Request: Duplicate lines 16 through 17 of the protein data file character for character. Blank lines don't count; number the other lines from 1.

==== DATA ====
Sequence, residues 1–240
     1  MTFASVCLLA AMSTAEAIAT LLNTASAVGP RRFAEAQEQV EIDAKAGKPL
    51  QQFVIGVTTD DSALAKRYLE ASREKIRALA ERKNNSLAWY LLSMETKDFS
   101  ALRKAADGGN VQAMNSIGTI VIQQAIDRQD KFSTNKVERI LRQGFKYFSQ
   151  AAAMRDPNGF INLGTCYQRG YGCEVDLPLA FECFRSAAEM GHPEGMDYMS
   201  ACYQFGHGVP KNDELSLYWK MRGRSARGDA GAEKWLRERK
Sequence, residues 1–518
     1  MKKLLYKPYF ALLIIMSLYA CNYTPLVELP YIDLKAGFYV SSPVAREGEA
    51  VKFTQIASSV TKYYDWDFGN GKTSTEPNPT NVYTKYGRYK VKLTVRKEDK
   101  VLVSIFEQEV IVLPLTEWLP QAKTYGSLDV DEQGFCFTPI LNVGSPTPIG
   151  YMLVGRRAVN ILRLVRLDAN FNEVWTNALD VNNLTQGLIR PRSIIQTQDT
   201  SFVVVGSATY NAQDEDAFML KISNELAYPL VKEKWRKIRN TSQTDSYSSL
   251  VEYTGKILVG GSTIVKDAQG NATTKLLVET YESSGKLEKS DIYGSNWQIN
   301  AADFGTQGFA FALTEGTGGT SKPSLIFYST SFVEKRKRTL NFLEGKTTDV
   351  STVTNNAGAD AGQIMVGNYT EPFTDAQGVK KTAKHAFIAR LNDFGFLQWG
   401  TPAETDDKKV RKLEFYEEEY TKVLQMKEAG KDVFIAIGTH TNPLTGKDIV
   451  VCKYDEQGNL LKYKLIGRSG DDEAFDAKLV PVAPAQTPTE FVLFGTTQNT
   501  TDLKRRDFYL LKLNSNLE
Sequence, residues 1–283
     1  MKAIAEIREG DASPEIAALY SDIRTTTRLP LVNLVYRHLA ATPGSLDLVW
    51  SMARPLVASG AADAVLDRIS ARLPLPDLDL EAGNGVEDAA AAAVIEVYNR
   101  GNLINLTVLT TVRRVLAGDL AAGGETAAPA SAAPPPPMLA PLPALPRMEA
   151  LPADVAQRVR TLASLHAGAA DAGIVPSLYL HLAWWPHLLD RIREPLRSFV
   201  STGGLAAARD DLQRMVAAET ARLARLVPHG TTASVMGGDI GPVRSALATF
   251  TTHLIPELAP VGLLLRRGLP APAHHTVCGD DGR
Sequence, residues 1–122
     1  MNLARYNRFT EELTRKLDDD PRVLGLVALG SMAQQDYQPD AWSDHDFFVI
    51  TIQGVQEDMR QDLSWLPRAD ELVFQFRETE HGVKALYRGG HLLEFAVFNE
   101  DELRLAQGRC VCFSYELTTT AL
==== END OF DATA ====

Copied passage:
   401  TPAETDDKKV RKLEFYEEEY TKVLQMKEAG KDVFIAIGTH TNPLTGKDIV
   451  VCKYDEQGNL LKYKLIGRSG DDEAFDAKLV PVAPAQTPTE FVLFGTTQNT